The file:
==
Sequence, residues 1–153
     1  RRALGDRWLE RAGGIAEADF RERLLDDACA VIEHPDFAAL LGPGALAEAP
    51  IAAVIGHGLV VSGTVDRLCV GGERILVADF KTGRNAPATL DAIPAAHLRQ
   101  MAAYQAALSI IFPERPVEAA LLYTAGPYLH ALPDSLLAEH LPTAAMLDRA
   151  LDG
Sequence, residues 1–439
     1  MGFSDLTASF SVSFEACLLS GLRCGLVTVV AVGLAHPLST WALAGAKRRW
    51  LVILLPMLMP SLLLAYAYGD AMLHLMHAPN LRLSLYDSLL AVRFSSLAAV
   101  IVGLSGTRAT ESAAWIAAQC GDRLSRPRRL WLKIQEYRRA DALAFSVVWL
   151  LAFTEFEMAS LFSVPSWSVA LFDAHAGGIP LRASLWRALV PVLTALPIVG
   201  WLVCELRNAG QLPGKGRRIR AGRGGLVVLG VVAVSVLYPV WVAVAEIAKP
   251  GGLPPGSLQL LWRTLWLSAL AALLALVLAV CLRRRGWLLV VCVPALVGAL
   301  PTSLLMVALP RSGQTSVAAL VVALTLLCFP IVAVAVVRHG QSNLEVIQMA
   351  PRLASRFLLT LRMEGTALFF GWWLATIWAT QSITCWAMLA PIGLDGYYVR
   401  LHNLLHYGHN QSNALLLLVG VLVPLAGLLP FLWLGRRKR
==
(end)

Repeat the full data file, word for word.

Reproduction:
Sequence, residues 1–153
     1  RRALGDRWLE RAGGIAEADF RERLLDDACA VIEHPDFAAL LGPGALAEAP
    51  IAAVIGHGLV VSGTVDRLCV GGERILVADF KTGRNAPATL DAIPAAHLRQ
   101  MAAYQAALSI IFPERPVEAA LLYTAGPYLH ALPDSLLAEH LPTAAMLDRA
   151  LDG
Sequence, residues 1–439
     1  MGFSDLTASF SVSFEACLLS GLRCGLVTVV AVGLAHPLST WALAGAKRRW
    51  LVILLPMLMP SLLLAYAYGD AMLHLMHAPN LRLSLYDSLL AVRFSSLAAV
   101  IVGLSGTRAT ESAAWIAAQC GDRLSRPRRL WLKIQEYRRA DALAFSVVWL
   151  LAFTEFEMAS LFSVPSWSVA LFDAHAGGIP LRASLWRALV PVLTALPIVG
   201  WLVCELRNAG QLPGKGRRIR AGRGGLVVLG VVAVSVLYPV WVAVAEIAKP
   251  GGLPPGSLQL LWRTLWLSAL AALLALVLAV CLRRRGWLLV VCVPALVGAL
   301  PTSLLMVALP RSGQTSVAAL VVALTLLCFP IVAVAVVRHG QSNLEVIQMA
   351  PRLASRFLLT LRMEGTALFF GWWLATIWAT QSITCWAMLA PIGLDGYYVR
   401  LHNLLHYGHN QSNALLLLVG VLVPLAGLLP FLWLGRRKR